Apple is attempting to secure the exclusive rights of depictions of apples in a long-standing effort from the company to be given the exclusive rights of owning all apple imagery.
A new report from Wired UK states that Apple has been attempting to acquire a trademark for an apple in Switzerland since 2017 while simultaneously making the same application in other countries such as Japan, Turkey, Israel, and Armenia. Reports indicate that Apple submitted an application to the Swiss Institute of Intellectual Property (IPI) for the exclusive rights to a black-and-white depiction of a Granny Smith apple.
The application was partially awarded by the IPI in 2022, with the regulatory body citing the legal principle of generic images of common goods, such as fruits, or in this case, apples, which are considered to be public domain.
Apple wasn't satisfied with that response and filed an appeal with the IPI, and due to the case being ongoing, details couldn't be revealed. However, an IPI official said to Wired that Apple's trademark request included rights for audiovisual footage that was intended for "television and other transmission".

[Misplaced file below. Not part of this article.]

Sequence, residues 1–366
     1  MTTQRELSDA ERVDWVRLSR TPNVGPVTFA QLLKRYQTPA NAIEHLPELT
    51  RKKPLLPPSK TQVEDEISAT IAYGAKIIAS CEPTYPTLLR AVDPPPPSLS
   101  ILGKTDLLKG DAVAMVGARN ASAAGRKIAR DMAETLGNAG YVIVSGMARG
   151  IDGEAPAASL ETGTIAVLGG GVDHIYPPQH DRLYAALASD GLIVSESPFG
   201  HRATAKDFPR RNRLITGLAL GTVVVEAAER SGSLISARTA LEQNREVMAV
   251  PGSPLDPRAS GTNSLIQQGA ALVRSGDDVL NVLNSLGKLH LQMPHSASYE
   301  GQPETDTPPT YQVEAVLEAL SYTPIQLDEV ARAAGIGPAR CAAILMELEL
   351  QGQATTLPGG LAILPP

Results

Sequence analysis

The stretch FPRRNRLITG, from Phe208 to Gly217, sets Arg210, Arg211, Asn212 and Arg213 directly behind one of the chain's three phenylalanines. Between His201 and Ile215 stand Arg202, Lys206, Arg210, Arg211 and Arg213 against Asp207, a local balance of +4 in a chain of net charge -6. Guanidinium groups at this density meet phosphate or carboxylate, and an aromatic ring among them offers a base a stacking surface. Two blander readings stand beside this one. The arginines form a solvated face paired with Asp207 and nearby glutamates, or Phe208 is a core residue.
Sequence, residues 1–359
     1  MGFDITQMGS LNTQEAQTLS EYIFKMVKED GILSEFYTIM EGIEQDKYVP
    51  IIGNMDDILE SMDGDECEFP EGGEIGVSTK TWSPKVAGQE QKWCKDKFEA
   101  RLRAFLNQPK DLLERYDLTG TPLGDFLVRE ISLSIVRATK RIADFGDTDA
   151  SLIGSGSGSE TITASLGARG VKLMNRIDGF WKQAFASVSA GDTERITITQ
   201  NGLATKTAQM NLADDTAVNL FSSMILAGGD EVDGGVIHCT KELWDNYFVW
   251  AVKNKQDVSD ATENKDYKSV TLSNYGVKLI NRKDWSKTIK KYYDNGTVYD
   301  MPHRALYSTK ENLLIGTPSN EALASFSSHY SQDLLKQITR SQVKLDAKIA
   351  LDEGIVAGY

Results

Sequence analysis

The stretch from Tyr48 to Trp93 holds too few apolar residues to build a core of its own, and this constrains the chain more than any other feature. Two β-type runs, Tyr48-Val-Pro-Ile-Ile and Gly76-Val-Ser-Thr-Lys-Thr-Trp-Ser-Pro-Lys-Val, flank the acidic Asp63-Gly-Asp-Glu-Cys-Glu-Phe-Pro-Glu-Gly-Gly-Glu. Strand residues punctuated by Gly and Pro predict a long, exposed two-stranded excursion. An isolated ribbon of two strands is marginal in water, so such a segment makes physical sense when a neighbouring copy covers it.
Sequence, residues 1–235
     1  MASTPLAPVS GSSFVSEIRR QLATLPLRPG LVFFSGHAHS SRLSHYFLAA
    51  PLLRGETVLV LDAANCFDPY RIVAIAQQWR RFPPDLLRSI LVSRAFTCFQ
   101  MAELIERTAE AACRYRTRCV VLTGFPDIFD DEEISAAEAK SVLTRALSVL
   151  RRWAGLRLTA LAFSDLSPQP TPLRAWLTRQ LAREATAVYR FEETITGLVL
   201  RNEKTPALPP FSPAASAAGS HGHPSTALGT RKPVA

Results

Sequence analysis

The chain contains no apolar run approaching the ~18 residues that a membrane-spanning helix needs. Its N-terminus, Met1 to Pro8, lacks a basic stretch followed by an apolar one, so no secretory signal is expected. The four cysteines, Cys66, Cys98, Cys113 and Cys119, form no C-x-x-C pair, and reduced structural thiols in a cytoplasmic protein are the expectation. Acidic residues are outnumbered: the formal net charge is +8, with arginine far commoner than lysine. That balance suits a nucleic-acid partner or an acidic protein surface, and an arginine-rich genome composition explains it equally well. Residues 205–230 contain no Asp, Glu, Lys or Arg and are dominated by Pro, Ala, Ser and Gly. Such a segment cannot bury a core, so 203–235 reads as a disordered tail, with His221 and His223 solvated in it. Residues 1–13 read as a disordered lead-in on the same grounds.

Apple's trademark request doesn't exclusively affect the technology industry, as Fruit Union Suisse (FUS), a 110-year-old organization of fruit farmers, which have a logo of a red apple with a white cross, are concerned that they will be required to change the organization's logo.
"We have a hard time understanding this, because it's not like they're trying to protect their bitten apple. Their objective here is really to own the rights to an actual apple, which, for us, is something that is really almost universal ... that should be free for everyone to use," said Jimmy Mariethoz, director of FUS.
"We're concerned that any visual representation of an apple-so anything that's audiovisual or linked to new technologies or to media-could be potentially impacted. That would be a very, very big restriction for us," he said. "Theoretically, we could be entering slippery territory everytime we advertise with an apple."